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A letter from Dustin Ellington In Zambia

September 27, 2011

Dear Friends,
A quick update on last week’s elections in Zambia:  They went well, the country voted in a new president from a new political party (the previous party had been in power for 20 years, so this was no small feat), and the entire country seems to be flying high.  There is a lot of goodwill on the streets, many people walk with an extra spring in their step, and Zambians are rightfully proud to be an African country modeling for its neighbors a peaceful transition of power.

We thank you for your prayers; even though things went as well as could be expected, the Red Cross still reports that there were over 140 people injured in election-related violence.  Parts of Lusaka and other cities definitely were unsafe at some points between the elections on Tuesday and the announcement of results very early Friday morning.  The U.S. Embassy advised Americans in one large area of Zambia to remain indoors, behind locked doors, and away from windows.  However, once the election results were finally announced, the country simply erupted in celebration.

I was still awake, listening to the radio, at 12:30 am on Friday when the results were announced.  The election official hadn’t even finished her statement when I heard the large Kaunda Square “compound” (Zambia’s version of a South African “township”) a kilometer down the road from us erupt in cheers.  The cheers, firecrackers, and vuvuzela horns (remember them from the World Cup?) continued all through the night…they were still going strong when we got up in the morning!  Meanwhile, many people from the Kaunda Square compound ran, barefooted in many cases, the five miles or so down Lusaka’s main road to the Mulungushi Conference Center, where the votes were being counted.  They stayed there all night, celebrating.  In the morning they made their way a couple of miles down another road to the Supreme Court grounds to simply be on site for President Sata’s swearing in.  A friend along the route sent his wife a text message:  “100,000 people walking past our office right now.”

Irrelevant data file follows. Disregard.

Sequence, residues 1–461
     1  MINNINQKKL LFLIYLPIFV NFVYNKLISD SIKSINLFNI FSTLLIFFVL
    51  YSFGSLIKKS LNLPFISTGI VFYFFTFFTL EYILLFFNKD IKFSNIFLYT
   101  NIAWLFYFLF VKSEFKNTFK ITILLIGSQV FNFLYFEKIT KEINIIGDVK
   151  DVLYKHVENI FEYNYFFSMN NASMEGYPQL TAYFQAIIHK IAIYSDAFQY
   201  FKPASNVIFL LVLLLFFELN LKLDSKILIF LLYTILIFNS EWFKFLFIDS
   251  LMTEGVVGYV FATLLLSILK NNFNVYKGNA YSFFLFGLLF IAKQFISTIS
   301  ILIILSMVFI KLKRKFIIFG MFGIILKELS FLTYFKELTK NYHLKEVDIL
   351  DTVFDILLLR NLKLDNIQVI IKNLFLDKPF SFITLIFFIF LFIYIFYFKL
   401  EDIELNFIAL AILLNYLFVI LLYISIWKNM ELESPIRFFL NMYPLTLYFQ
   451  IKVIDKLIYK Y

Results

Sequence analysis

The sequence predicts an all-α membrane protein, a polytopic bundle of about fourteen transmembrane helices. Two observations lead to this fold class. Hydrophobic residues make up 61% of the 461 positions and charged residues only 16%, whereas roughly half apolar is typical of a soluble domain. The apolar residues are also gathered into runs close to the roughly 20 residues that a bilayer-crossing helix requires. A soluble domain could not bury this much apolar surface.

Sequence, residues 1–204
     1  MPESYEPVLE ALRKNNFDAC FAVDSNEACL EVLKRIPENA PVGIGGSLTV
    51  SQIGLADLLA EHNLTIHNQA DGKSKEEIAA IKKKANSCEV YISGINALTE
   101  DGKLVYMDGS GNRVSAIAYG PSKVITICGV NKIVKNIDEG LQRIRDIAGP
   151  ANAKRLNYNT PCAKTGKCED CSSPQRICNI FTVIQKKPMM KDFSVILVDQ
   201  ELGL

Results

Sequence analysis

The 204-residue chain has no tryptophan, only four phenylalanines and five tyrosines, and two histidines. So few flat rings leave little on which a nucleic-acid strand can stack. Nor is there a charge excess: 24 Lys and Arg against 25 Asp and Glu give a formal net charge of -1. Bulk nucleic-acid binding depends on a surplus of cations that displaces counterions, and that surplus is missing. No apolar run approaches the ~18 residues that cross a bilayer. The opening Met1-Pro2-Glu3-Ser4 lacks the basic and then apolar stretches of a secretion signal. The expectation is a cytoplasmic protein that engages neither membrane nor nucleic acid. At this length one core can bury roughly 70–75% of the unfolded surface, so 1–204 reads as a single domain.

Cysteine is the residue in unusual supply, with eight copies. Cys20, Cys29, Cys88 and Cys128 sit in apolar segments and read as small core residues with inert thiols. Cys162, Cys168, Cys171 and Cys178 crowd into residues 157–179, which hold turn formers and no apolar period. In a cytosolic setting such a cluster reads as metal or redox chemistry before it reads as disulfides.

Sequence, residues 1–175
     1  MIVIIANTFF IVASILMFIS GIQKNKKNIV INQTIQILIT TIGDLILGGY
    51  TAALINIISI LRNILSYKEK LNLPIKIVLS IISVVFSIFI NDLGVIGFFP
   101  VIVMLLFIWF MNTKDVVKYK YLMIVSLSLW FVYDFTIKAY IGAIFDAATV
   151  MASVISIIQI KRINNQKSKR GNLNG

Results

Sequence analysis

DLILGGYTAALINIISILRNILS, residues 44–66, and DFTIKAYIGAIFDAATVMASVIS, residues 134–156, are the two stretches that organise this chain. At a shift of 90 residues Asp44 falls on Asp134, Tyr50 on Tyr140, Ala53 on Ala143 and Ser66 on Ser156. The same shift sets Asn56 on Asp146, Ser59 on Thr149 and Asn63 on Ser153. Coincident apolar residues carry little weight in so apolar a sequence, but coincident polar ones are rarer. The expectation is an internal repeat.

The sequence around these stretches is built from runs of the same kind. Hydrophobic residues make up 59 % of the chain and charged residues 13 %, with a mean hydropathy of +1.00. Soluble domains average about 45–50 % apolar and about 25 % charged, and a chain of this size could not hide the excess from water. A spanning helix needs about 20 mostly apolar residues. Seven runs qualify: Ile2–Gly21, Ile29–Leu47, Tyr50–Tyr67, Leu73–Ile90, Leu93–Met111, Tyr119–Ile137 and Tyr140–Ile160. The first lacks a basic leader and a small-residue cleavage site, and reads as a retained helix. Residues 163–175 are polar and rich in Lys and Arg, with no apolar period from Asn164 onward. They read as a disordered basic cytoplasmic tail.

Later on Friday, when I ventured beyond our college gate for the first time since Tuesday’s election, I was greeted with honks, cheers, and shouts of “Don’t Kubeba!” which was the catch phrase for the newly elected president.  Faces were glowing throughout the grocery store.  I somehow dropped my phone on the way out, and a man followed me clear across the parking lot to return it to me.  Zambia continues to be permeated by a spirit of goodwill in this new week, as well.


A cake in the shape of the Zambian flag, Sherri made for an after-church “tea time” this past weekend, after the elections.

A lot of the joy is pride in having a system that “works.”  It cannot be taken for granted in Africa that elections will be free and fair.  (When we lived in Egypt, President Mubarak used to get 97 percent of the vote every time!)  It also cannot be taken for granted in Africa that the previous leader will actually leave office when voted out.  Here the sitting president, Rupiah Banda, not only conceded defeat but gave a very gracious concession speech, full of goodwill toward the victor and a call to pray for him and support him.  The victor, President Michael Sata, also set aside the competitive spirit of the campaign with his inauguration speech, which took place just 14 hours after the results were announced.  Sata thanked the outgoing president for his service to the country and called upon God and all Zambians to help him lead the country well, acknowledging that he cannot do it on his own.  We appreciate this humility, and definitely want to be praying for President Sata to lead in God’s strength and wisdom, not his own.


So, thank you for all of your prayers for Zambia.  God has answered them graciously, and may He continue to smile on Zambia and help Zambia to live out her self-declared calling as a “Christian nation” more deeply and fully.

Sherri and Dustin Ellington

The 2011 Mission Yearbook for Prayer & Study, p. 66
The 2012 Mission Yearbook for Prayer & Study, p. 105

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